#MeToo morphing into #GrinchToo

Feminists emboldened by #MeToo's many scalps taken from powerful men are turning their aim on office Christmas parties.  Sexual assault survivors must make room for "office party survivors."

Breitbart highlights the appearance yesterday on Gayle King's show of novelist and New York Times op-ed contributor Jennifer Weiner, who sees the festive gatherings as yet another unfair burden on women and an opportunity for predation by males.

Oh, the pain!  CBS screen grab via MRC.

Weiner's whine in the pages of the Gray Lady Person concerns the expectation that women dress up, while men get to put on one of their suits and be regarded as adequately turned out.  She begins her essay by channeling the Grinch:

It's the least wonderful time of the year.

I guess there are people for whom the ordeal of getting dressed up and winning the approval of others overwhelms the Good News of birth of the Savior and a time of year beloved by children and families, a holiday so universally appealing that the Christmas lights of Tokyo are a tourist attraction.  But I suspect that most people would regard this, as I do, an example of self-absorption and victimology of remarkable vividness.

Ms. Weiner displays a certain ambivalence towards he proclamation of the burden of looking good in her op-ed:

What would happen if I treated my dresses the way a man on tour might treat his suits?  Could I just pack four outfits and rotate them?  Could I find my own uniform?

Why not?  Nobody is forcing her to care about what other people think of her clothes.  It's all in her head, and she is in charge of her thoughts, not the victim of mind control she pretends to be.  She continues:

That's one way to go.  The other is the path paved by Stacey Abrams when she ran for governor of Georgia this year.  She did it in jewel tones, in statement necklaces and interesting necklines.  She seemed, from where I was following along, to enjoy her clothes, her dresses and her necklaces and her earrings, how she felt and how she moved, and what those looks told the world about her.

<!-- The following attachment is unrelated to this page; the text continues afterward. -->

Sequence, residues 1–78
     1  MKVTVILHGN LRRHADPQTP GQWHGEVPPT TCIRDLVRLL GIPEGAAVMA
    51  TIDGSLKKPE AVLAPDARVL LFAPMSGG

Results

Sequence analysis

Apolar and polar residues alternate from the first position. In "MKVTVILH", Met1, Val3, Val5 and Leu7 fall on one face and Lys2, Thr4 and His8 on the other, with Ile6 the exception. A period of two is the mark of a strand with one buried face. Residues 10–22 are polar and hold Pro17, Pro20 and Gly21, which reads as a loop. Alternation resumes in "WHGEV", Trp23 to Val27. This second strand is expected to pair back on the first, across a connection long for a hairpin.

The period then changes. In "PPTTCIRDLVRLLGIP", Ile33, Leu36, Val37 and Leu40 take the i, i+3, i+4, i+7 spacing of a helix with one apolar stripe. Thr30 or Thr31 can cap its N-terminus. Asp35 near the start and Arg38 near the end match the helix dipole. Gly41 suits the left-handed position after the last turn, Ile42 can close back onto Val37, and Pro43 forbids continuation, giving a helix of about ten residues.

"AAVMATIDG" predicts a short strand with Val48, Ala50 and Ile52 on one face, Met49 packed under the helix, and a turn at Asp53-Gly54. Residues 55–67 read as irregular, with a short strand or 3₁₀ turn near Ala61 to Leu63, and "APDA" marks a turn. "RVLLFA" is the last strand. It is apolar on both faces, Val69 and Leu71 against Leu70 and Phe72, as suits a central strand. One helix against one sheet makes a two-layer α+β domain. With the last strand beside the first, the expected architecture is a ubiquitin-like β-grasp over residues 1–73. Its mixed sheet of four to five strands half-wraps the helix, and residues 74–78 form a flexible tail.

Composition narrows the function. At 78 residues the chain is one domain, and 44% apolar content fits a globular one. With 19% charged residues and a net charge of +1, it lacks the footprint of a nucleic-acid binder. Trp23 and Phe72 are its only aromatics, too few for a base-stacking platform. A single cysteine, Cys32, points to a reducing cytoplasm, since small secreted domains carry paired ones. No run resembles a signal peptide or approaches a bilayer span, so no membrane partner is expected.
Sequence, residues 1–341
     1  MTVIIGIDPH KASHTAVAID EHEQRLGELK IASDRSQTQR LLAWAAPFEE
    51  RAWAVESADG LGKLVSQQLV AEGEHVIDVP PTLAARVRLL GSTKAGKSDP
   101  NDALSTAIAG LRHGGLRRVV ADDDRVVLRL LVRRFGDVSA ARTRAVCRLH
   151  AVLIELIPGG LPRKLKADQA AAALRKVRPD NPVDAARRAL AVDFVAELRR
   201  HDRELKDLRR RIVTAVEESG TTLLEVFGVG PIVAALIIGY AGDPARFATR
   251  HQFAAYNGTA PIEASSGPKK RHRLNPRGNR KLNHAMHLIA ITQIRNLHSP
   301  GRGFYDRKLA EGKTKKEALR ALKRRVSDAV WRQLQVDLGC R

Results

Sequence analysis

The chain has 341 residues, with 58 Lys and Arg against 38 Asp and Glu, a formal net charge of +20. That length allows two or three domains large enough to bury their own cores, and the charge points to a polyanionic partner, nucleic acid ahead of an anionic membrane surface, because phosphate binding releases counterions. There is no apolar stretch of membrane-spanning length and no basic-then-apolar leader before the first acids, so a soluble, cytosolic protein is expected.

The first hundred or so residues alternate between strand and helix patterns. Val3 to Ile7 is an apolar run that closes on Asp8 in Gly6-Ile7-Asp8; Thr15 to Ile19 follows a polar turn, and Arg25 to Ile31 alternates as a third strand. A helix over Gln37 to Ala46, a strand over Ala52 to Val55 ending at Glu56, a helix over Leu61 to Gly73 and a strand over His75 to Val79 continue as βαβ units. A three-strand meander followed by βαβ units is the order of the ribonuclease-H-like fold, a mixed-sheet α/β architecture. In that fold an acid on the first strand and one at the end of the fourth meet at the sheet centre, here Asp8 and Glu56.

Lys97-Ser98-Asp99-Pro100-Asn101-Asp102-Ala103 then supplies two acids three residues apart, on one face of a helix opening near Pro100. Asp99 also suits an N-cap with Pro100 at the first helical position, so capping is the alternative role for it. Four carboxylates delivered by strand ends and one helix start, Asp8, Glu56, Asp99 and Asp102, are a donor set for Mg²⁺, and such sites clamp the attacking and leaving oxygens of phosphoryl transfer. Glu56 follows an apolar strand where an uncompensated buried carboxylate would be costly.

"From the moment I enter a room, I am clear about how I intend to be treated and how I intend to engage," Ms. Abrams wrote in her book "Minority Leader."  "For example, my attire, my hairstyle, even my presentation style, reflect me rather than aping the behavior of others."

Ms. Abrams seems to regard dressing up as an opportunity for self-expression.  If we're looking for victims, men relegated to mere boring suits are the victims.  There would be more condemnation for a man showing up in a glitter jumpsuit, expressing his inner Elvis, than for a woman showing up in a Hillary Clinton-style pantsuit that she wears to the office every Tuesday.  I guess I must be a victim, too.  Or I would be if I craved the status that progressives lionize.

In the world of whine, it's all negative all the time.  Below is a video of the appearance on Gayle King, and of course, in place of Christ, another holy name was invoked:

Do not drink.  Have a friend, have a plan, like if that guy who checks out your butt as you go to the copier, corners you, have a friend who will be looking out for you[.] ... I joke that like, unfortunately if I was telling somebody what to wear, I would say a body camera at this point[.] ... A body camera and the Christine Blasey Ford memorial one-piece bathing suit under the clothes, which is terrible, but here we are.